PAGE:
Today is Easter Sunday in the UK and a gorging of chocolate is what will occur across most of the country. Most of that chocolate will come from giant food corporations, where the stakeholders will reap the lion’s share of the reward, sadly not the workers.

In 1879, two Quakers George and Richard Cadbury founded a new model greenfield village near Birmingham, called Bournville, that they built for the expansion of their chocolate business.

The two businessmen (that’s entrepreneurs for any of you hustlers reading this) wanted to build something for their workers that was a real contrast to the squalid conditions of much of urban Britain during the 1800’s.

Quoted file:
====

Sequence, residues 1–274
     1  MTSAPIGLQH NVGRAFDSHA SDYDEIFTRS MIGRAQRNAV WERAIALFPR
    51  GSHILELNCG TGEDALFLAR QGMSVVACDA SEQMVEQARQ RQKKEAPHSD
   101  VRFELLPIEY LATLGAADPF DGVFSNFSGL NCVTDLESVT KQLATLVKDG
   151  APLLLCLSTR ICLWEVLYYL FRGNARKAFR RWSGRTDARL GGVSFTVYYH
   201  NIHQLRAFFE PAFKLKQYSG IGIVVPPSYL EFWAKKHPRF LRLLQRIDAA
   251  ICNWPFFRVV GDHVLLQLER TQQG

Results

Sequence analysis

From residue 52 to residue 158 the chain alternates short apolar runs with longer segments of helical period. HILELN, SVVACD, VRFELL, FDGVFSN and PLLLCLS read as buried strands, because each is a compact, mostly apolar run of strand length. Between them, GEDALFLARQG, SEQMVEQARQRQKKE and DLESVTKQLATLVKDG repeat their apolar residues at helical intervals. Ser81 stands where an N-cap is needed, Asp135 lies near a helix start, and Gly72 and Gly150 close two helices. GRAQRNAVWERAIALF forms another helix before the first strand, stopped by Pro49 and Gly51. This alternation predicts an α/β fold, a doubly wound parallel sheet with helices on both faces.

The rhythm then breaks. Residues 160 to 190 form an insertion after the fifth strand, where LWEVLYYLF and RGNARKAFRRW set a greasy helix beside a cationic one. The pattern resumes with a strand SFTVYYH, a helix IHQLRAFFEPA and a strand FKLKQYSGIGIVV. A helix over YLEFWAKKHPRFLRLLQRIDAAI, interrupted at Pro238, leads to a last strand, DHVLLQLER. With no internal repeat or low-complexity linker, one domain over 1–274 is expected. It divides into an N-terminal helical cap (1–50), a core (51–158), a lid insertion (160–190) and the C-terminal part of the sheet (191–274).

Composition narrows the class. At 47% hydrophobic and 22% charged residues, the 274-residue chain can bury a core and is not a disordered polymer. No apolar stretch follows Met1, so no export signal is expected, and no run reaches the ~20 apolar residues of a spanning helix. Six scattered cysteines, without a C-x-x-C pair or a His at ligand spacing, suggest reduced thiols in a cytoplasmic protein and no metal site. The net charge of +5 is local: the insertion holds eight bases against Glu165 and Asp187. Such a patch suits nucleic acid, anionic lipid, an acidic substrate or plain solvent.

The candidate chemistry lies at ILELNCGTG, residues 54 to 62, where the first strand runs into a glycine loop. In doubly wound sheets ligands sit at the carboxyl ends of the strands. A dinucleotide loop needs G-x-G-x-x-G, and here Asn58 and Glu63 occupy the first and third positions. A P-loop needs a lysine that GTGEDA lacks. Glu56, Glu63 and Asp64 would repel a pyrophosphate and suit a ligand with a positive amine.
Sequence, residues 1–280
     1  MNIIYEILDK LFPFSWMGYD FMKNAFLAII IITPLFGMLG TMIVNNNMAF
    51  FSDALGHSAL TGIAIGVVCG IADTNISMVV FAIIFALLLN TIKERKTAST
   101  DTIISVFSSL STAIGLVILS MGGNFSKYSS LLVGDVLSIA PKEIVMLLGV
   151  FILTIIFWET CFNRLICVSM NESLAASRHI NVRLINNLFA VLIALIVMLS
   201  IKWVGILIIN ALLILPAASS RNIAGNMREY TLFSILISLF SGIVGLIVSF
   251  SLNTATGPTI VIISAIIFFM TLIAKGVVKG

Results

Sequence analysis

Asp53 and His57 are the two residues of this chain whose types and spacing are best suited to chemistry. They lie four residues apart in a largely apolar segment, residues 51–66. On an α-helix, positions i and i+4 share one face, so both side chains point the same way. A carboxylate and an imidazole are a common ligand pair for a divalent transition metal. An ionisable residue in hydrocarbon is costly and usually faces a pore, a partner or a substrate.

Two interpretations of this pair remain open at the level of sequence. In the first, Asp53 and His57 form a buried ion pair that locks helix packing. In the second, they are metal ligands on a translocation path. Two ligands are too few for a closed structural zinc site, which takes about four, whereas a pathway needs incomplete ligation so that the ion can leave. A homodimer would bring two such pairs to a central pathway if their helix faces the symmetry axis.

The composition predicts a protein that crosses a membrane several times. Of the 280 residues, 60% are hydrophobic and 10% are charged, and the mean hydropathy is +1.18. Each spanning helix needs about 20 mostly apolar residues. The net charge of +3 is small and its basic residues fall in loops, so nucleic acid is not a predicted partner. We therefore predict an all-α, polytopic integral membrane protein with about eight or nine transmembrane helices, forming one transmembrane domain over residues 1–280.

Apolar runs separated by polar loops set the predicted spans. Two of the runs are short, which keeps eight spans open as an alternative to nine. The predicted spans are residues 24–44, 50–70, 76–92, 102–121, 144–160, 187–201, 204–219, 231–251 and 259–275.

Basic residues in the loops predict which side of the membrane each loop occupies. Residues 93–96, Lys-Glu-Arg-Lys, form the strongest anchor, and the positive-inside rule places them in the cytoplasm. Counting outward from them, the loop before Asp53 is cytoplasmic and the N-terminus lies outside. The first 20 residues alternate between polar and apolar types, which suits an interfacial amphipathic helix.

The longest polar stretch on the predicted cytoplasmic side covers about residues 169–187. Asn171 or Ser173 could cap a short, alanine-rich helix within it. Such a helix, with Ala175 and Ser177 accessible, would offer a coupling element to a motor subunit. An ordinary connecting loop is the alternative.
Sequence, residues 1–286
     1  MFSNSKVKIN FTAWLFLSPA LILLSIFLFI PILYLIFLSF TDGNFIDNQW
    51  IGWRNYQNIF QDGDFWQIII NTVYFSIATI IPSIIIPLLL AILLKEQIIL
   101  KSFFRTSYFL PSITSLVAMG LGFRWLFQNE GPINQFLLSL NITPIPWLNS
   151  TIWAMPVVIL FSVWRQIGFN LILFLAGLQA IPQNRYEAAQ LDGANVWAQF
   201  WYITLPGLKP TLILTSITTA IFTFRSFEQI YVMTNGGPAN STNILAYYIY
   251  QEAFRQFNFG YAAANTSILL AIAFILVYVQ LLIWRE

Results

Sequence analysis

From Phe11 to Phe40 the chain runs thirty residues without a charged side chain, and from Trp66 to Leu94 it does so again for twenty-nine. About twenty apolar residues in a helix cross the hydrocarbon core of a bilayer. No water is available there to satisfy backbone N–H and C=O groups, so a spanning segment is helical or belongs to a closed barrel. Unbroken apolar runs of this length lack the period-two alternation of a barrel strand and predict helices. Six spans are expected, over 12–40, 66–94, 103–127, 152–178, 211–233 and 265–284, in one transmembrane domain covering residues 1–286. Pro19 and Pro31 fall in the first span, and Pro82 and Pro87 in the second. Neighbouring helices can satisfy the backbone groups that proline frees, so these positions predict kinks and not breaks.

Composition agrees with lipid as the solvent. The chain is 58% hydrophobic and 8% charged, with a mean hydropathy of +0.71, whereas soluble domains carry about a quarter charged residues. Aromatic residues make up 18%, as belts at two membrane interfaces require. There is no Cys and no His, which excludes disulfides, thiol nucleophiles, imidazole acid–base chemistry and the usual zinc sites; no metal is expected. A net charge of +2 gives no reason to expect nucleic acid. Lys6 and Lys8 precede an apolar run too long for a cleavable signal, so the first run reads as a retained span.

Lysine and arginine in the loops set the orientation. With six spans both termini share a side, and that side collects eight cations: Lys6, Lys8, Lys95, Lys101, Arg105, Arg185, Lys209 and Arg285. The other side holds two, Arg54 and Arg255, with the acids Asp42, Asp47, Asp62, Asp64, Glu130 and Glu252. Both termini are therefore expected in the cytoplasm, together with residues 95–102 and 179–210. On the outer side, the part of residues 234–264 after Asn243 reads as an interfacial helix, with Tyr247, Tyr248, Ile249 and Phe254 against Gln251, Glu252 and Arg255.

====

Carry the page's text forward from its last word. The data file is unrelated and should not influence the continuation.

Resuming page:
The welfare and health of their workforce were of high importance to them.

Today, the business they founded, loved and that they grew into one of the most famous chocolate brands, known around the world, is now part Mondelez, a giant global food corporation, where their corporate ‘values’ will be etched onto the walls of some faceless global HQ building.

There are a number of other examples of philanthropic business people who cared about the wellbeing of their workers in 18 & 1900’s.

Now the industrialised machine has become so fixated with profit and productivity enhancements, that they only concern themselves with wringing the most out the assets, including mainly their human assets (aka as people), that there is little consideration for a modern day Bournville.

Great business people care about their most important asset – you, their worker. She is what makes businesses great, ask George and Richard Cadbury.

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